weeks before the sale, at the firm's web site:


American Numismatic Society Librarian Francis D. Campbell writes: 
"On March 31, 2008, I will retire from my position as Librarian 
of the American Numismatic Society. I have been with the Society 
since 1958 and have been its Librarian since 1975 and, as such, 
have come to know many of those in the numismatic community who 
you also count among your readers. Therefore, I thought the E-Sylum 
would be the best way to inform them of my retirement and to let 
them know it has been a pleasure to share the resources of this 
Library with them over the years.

[Frank's ubiquitous presence will be sorely missed.  We wish the 
best of luck to him in retirement, and I look forward to inviting 
his successor(s) to also participate in the E-Sylum forum. -Editor]


Charles Davis writes: "In the December 23 E-Sylum, you 
published a notice on the new work by Graham Pollard on 
Renaissance Medals in the National Gallery. Regrettably 
I received the below note that he passed away two weeks ago.
  Graham Pollard died Monday December 17 after a relatively 
  short illness - a malignant brain tumour was diagnosed 
  in September.  His wife Maria died three weeks earlier 
  (25 Nov) after a long battle with cancer.  There will be 
  a joint funeral sometime in mid-January. An obituary of 
  him appears in The Independent"

[Here are some excerpts from Pollard's obituary, written 
by Dr. Mark Blackburn, Head of the Department of Coins and 
Medals at the Fitzwilliam Museum. -Editor]

John Graham Pollard, numismatist, museum curator and civic 
campaigner: born Gillingham, Kent 25 December 1929; Keeper 
of Coins and Medals, Fitzwilliam Museum 1966-88, Deputy Director 
1969-88; Fellow, Wolfson College, Cambridge 1967-97 (Emeritus), 
Librarian 1980-95; married 1963 Maria Seri (died 2007; one son); 
died Cambridge 17 December 2007.

Graham Pollard was the leading authority on Italian Renaissance 
medals in the post-war period. He will be best remembered as 
the author of the multi-volume catalogues of two of the greatest 
collections in the world, those of the Bargello Museum in 
Florence and the National Gallery of Art in Washington. But 
as a curator of the Fitzwilliam Museum, Cambridge – whose coin 
and medal collection he did much to enhance – his influence 
was far wider, as he shared his knowledge and judgement with 
students, scholars, collectors and dealers.

He registered for a London University external degree in 
Geography, but had to abandon it in 1948 when he was called 
up for National Service. On his return in 1950, he was appointed 
a Museum Assistant and assigned to the Coin Room to work under 
Harold Shrubbs. With encouragement from the museum's director, 
Carl Winter, he decided to apply to Cambridge University to 
read History, and rapidly taught himself sufficient Latin to 
pass the entrance exam, entering Pembroke College in 1951. 
He continued to work part-time for the Fitzwilliam during 
the first two years of his degree, and was given leave for 
the third. On graduating in 1954 he was appointed Junior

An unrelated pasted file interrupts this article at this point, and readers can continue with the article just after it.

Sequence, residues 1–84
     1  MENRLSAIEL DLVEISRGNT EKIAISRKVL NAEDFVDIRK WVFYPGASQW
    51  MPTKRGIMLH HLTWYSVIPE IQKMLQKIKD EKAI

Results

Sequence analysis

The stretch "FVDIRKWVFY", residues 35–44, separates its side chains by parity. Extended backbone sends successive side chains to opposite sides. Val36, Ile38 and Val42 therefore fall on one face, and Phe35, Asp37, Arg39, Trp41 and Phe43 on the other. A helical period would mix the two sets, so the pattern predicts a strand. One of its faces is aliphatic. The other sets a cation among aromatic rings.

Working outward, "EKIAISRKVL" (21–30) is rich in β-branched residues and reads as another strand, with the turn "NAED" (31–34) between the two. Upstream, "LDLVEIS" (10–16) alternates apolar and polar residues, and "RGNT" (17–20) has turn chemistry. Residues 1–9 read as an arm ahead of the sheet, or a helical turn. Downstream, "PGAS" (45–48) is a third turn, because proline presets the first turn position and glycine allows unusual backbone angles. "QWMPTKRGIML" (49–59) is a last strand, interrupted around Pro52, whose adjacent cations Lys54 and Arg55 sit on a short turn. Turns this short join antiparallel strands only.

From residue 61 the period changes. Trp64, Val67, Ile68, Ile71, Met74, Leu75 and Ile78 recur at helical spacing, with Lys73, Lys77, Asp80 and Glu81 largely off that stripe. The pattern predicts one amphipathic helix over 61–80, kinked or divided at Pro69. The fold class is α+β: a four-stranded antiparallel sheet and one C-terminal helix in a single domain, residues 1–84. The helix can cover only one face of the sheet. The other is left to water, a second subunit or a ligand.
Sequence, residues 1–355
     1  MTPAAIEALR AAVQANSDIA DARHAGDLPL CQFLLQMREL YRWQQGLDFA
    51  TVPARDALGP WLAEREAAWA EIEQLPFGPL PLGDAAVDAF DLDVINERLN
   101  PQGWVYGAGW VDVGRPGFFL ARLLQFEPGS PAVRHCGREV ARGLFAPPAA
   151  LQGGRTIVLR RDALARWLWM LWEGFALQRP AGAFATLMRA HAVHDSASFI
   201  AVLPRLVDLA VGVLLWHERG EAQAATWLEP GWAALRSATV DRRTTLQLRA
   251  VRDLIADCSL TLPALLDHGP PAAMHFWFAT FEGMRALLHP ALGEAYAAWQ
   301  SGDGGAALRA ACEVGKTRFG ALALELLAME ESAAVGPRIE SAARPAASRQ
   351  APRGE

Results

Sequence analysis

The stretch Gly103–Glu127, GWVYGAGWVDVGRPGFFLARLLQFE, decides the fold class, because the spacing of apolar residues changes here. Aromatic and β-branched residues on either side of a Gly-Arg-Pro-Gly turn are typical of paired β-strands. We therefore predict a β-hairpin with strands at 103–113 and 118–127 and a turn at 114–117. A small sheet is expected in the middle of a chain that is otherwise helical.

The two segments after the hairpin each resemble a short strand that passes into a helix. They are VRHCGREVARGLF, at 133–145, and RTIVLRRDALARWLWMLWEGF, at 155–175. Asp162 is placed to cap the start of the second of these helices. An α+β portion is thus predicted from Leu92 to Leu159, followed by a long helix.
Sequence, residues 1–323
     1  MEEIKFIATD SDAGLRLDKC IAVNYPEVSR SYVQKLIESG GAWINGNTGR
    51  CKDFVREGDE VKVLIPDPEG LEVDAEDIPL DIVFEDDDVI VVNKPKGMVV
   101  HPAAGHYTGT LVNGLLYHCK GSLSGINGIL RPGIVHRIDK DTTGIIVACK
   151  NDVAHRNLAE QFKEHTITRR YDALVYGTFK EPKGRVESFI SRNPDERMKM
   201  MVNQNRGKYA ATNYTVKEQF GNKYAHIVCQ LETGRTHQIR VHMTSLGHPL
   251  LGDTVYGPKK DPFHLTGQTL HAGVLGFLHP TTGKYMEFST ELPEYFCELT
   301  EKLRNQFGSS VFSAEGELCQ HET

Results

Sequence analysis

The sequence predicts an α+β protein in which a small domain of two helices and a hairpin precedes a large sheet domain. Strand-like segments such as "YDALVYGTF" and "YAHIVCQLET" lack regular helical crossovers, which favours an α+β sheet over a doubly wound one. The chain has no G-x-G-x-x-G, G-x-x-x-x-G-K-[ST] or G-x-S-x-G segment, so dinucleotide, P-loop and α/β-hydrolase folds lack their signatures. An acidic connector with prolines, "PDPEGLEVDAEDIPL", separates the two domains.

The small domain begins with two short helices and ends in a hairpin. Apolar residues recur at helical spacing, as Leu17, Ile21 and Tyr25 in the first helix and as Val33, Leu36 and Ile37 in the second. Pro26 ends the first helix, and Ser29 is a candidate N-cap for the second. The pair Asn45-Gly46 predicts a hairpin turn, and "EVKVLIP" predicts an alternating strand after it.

Assistant Keeper, and promoted to Keeper of Coins and Medals 
in 1966 and Deputy Director in 1969.

Pollard's interest in medals had been fired by chance soon 
after arriving in Cambridge. In a fire-sale at an antique shop 
he saw a tin bath containing several hundred medals, and hastened 
home to borrow money from his father to buy them. The Italian 
connection came somewhat later and for a different reason. His 
first trip, in 1957, was with a group of friends wanting to 
look at Italian architecture, and he was bowled over by the 
experience. On a subsequent trip, in 1961, he went with Jack 
Trevor in search of fossils at the mine of Bacinello in southern 
Tuscany. In the nearby town of Grosseto he met a young 
schoolteacher, Maria Seri, who two years later would become 
his wife.

Renaissance Medals was due to be published in January 2008 and 
launched in Washington with an international symposium, but 
when last September Pollard was diagnosed with terminal cancer, 
the production was accelerated, so that in October an advance 
copy was couriered to Cambridge in time for him to appreciate 
it. This massive catalogue of two volumes, running to more than 
1,100 pages, is truly the crown to a distinguished numismatic career.

He and Maria were a devoted couple, and his final illness, 
though short, was heart-rending, as she herself was battling 
with the terminal stages of a cancer, which took her just three 
weeks before him.

To read the complete article, see: 


Myron Xenos writes: "Back in the early nineties, a fellow from 
County Cork, Ireland struck up an e-mail exchange with me. His 
name is Darryl Atchison, and he was putting together a bibliography 
of Canadian numismatic literature, no easy task considering the 
Atlantic Ocean would slow down anyone without a computer. As 
the years rolled by, I would send him some items, and, considering 
the enormity of such a project, figured that this might fizzle 
out somewhere along the way. 

"Oh, me of little faith - what should arrive at my office in 
December but a monstrous two-volume work of art titled Canadian 
Numismatic Bibliography.  This beautiful set contains 1,114 pages 
of great information laced with hundreds of photos and illustrations 
of coins, books, people, and items of ephemera, many seldom seen. 
There are 95 pages of index to make life easier as we all look 
to see if our names were mentioned or to actually make our 
research a bit easier.

"Three hundred signed and numbered sets were printed on 
acid-free paper. A list of 125 original subscribers is present 
on the page before the index. The work was published by the 
Numismatic Education Society of Canada, with a grant from the 
J. Douglas Ferguson Research Foundation.

"The two volume work is neatly organized, and after 23 pages